Enter ‘Gardens of the Moon’ to get through ‘Game of Thrones’ withdrawal

If you are starting to get panicked that A Song of Ice and Fire (that’s Game of Thrones to the folks who only watch the series) is coming to an end, cheer up. The next big thing is here, and in fact has been here since 1999. I’ve talking about Steven Erikson’s The Malazan Book of the Fallen.

First, let me burnish my George R.R. Martin fanboy creds. I have been a fan since the early 1970’s when he was publishing short stories in Analog, Fantastic, Amazing and other SF magazines. I read A Song for Lya, Sandkings, Windhaven, and my personal favorite The Lonely Songs of Laren Dorr on their first publications. I read GoT in 1996, when it was first published as well as the other books in the series.

So, when I am touting Erikson it is with respect to Martin, and I’m not making comparisons, or for that matter rating one over the over. My point is that A Song of Ice and Fire is a complex epic fantasy with a deep fictionalized historic backdrop, and numerous supporting characters woven into a detailed tapestry. This is unlike, say the Conan or the Fafrd and Grey Mouser stories, which were one off adventures.

Like Martin, Erikson has created a richly textured world. Gardens of the Moon is the first in the 10 book series. The world was created with fellow gamer, Ian Esslemont as a backdrop for their role playing hobby. What makes their world different is that Erikson is an Anthropologist and Archaeologist, and Esslemont is an Archaeologist. Therefore, these two know a lot about history and societies. They brought their strengths to the fore in the creation of the world of Malazan.

Interestingly, Erikson did 10 books in this world and Esslemont wrote six books as well. Though they didn’t collaborate on the individual novels, they did on the overall timeline. The two series intermix the chronologies of the other.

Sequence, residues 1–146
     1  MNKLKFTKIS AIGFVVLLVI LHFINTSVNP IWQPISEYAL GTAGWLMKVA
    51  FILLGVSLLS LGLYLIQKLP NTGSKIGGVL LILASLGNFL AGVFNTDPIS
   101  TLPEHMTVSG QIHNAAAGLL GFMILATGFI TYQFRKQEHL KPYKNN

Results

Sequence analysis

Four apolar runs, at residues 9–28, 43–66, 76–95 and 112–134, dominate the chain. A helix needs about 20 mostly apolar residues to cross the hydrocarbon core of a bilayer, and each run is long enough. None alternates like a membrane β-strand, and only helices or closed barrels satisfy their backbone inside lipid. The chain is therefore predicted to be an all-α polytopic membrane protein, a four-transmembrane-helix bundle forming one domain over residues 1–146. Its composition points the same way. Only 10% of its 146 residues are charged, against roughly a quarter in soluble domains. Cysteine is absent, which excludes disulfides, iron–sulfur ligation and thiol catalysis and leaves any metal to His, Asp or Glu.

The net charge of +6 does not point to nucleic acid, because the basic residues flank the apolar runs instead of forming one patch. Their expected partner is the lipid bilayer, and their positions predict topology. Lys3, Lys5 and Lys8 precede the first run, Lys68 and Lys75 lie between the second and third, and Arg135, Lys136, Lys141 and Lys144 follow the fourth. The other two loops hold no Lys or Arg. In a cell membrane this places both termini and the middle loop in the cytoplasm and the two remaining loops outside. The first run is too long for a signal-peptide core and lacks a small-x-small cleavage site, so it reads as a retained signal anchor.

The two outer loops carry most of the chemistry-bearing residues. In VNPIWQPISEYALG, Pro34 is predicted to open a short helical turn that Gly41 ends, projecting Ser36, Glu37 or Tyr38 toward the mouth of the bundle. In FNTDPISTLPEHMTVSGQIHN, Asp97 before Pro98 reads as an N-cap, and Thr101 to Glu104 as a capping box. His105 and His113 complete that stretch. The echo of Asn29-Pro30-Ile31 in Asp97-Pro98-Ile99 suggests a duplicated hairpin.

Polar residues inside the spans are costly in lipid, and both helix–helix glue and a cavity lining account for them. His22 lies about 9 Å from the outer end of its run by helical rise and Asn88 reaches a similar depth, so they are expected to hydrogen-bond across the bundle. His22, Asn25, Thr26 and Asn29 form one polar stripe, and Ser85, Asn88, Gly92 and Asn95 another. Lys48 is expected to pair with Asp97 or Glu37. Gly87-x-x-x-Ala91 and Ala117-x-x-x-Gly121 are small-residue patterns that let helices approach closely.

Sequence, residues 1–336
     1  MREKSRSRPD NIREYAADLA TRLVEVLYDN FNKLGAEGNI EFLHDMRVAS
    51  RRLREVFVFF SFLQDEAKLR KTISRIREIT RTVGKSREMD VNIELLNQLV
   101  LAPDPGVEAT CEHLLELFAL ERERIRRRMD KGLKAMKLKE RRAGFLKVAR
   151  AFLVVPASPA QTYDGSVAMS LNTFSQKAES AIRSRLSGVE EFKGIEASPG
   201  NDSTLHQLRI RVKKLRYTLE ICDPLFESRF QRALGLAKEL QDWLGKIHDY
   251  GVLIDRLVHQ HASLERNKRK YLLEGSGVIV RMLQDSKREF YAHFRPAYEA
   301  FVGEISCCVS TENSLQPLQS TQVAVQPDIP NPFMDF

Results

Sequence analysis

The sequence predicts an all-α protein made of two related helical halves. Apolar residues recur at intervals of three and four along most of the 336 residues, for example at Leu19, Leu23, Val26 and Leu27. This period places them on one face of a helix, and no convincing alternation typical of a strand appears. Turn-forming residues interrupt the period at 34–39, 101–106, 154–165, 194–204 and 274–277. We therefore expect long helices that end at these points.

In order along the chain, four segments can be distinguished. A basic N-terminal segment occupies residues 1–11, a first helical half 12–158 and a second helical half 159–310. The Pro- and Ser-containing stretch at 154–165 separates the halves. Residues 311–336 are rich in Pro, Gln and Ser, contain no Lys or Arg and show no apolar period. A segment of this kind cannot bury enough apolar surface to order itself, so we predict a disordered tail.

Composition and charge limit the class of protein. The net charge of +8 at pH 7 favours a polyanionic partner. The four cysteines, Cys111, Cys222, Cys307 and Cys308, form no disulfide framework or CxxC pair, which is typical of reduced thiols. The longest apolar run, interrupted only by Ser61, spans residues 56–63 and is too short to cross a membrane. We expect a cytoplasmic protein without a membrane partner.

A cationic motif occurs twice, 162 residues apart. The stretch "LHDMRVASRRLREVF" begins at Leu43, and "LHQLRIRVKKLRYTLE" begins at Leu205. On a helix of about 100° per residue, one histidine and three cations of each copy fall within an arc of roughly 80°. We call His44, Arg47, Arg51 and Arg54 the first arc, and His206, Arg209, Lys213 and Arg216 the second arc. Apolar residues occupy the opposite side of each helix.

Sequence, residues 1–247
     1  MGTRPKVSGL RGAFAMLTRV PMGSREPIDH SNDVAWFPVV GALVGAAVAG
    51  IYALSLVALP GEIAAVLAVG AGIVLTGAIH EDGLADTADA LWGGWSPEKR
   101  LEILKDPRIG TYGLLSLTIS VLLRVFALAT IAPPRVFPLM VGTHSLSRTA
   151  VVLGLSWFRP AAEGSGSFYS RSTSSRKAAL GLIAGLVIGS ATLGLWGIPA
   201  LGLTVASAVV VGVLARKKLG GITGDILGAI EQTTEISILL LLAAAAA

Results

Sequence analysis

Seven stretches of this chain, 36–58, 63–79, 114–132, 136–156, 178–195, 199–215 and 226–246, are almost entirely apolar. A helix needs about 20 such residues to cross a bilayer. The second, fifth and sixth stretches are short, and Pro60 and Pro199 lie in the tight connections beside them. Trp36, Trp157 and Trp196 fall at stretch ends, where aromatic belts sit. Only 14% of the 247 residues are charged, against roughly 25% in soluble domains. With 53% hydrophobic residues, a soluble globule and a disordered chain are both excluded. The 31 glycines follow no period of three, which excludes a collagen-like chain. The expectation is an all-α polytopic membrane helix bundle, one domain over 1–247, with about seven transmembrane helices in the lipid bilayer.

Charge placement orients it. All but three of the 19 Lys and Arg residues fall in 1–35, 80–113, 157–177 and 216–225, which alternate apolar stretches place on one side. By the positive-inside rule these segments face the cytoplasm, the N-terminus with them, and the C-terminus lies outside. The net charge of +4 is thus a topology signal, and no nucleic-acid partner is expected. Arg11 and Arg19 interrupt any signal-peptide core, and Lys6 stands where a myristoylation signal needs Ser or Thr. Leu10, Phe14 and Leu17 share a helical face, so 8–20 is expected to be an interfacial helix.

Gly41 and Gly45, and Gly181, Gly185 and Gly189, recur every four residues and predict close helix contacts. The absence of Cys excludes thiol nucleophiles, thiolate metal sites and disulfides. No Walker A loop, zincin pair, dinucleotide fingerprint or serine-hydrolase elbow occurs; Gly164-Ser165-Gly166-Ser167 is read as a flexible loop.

The prologue in the Gardens of the Moon opens several years before the main events of the novel. We are introduced to the Malazan Empire, newly created and very aggressive. Paran is a young noble dreaming of being a soldier and meets one of the Emperor’s great generals, Whiskeyjack, as well the Empire’s Claw, Surly. Years later these characters’ fortunes have changed. When the main book opens, Leseen has killed the Emperor and seized the throne and, as part of the purge, has reduced Whiskeyjack to a sergeant, whom she can’t openly kill, yet. Paran has achieved his goal, and found that it is not what he hoped for.

The focus of the story involves Leseen’s desire to crush the City of Darujhistan, the last free city on the continent of Genbackis. Erikson has created a host of characters with competing and conflicting alliances and at times you need a whiteboard to sort them out. There are at least three sides, and more hinted at, in this conflict, not counting the gods who are playing their game. There is rebellion, betrayal, venality as well as loyalty, friendship and bravery.

The action shifts between the various sides and points of view, until the reader is less concerned about the big picture than the fate of the individual characters, as soon as you can figure out who to root for. Considering the background of the author this makes sense. While wars are the big events which drive history, it is made up of moments of actions of individuals. Here, there are many such moments.

Mind you, this is no light Sunday afternoon reading. Like the A Song of Ice and Fire, this is an investment of time and energy. However, if you like your fantasy rich, detailed and complex, this series will get you through your withdraw when George R.R. Martin draws down his curtain.

Read Gary’s review of Larry Correia’s ‘Hard Magic’